I worked at my desk yesterday morning, and then Paul drove us to Gorham to O'Donals Nursery, which was barely open for the season and thus gave us a delightful, unimpeded stroll among the shrubs. After much cogitation, we bought a yellow rose for the reclaimed Hill Country, and a small white viburnum for the new Shed Trail bed, and seven ferns and a white hellebore for the new Shed Patch bed. Now they are all safely planted and watered, and I'm feeling confident about their future.
Today will be much the same, except instead of plant shopping I'll be teaching my last high school class. We're going to talk about poetry as power: a way to make a voice heard, to frame injustice; an art that presses us to be Shelley's "unacknowledged legislators to the world."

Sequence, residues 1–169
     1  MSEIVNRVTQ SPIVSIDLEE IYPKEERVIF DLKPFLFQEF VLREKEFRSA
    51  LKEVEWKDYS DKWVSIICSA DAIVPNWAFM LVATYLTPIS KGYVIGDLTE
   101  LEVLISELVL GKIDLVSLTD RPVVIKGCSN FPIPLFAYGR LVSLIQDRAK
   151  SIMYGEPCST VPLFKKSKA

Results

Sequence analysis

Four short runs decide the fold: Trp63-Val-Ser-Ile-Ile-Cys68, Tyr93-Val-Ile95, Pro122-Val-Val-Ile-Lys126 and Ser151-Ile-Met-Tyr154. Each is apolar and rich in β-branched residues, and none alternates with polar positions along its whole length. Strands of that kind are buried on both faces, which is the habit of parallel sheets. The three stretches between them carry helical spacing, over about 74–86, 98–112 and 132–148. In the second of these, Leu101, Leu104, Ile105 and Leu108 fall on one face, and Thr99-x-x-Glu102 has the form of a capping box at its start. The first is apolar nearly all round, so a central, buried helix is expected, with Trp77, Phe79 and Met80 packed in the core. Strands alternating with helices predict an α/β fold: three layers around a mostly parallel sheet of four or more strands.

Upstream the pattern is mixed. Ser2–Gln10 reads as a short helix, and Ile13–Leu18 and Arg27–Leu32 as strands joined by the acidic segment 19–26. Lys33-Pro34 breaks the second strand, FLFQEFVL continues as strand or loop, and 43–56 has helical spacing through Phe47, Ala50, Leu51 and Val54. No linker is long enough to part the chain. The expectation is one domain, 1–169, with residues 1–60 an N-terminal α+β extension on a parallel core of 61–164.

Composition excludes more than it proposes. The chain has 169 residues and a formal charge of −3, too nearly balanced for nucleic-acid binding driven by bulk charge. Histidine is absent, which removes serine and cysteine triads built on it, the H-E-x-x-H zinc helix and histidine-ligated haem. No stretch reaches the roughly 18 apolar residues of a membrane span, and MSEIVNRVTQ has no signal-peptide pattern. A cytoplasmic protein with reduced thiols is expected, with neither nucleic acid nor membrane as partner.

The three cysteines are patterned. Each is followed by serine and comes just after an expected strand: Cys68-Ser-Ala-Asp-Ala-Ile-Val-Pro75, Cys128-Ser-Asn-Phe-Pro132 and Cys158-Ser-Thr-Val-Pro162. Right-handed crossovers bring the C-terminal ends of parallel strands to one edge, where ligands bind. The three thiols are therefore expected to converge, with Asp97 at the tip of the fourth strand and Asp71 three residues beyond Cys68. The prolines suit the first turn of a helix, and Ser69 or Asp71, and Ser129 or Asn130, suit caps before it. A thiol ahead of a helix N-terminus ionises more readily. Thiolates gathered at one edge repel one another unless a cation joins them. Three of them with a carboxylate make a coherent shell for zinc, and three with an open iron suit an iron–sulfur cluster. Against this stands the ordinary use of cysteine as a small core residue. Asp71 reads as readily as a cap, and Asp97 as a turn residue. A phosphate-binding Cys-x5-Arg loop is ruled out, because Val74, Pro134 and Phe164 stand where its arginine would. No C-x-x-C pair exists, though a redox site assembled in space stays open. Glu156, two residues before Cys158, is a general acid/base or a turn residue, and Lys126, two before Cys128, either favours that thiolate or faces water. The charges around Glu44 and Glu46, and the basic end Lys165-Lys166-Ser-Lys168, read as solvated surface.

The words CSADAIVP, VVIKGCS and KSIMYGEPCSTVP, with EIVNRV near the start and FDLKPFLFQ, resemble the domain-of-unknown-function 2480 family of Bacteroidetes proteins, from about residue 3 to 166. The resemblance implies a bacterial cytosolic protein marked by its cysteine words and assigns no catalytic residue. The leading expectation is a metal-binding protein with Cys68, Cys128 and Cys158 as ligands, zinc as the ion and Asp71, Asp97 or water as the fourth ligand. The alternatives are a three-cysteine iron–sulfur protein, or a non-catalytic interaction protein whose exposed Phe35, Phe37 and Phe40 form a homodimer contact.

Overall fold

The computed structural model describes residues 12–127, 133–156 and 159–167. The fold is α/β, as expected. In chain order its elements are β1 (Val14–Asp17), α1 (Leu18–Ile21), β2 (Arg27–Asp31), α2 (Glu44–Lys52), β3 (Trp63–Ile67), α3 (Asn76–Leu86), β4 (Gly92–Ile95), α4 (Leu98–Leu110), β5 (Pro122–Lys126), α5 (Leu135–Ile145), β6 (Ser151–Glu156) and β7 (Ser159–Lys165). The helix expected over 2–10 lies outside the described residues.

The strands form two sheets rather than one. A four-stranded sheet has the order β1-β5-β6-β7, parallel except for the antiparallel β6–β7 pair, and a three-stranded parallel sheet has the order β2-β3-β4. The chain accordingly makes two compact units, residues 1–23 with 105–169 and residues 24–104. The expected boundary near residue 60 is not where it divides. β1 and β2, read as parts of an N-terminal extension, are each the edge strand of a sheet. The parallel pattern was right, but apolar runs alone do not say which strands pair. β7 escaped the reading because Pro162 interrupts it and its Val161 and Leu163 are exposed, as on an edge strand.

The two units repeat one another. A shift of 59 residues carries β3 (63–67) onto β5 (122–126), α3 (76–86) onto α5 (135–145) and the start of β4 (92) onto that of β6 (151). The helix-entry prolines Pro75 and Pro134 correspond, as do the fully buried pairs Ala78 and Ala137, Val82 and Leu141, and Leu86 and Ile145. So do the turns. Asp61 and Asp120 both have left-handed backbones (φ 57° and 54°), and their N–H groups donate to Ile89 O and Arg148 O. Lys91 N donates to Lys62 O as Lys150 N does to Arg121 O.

After that: back into the garden, or possibly onto my bike. I have to figure out what to make for dinner: maybe broccoli and polenta, maybe a spinach quiche, maybe something else entirely.
I'm currently reading Emily Wilson's translation of the Odyssey and John Updike's Memories of the Ford Administration.
And, oh yes, I almost forgot: maybe you'd like to see "Pandemic Field Notes," the poem I wrote for the Writing the Land Project--a collaboration between poets and land trusts.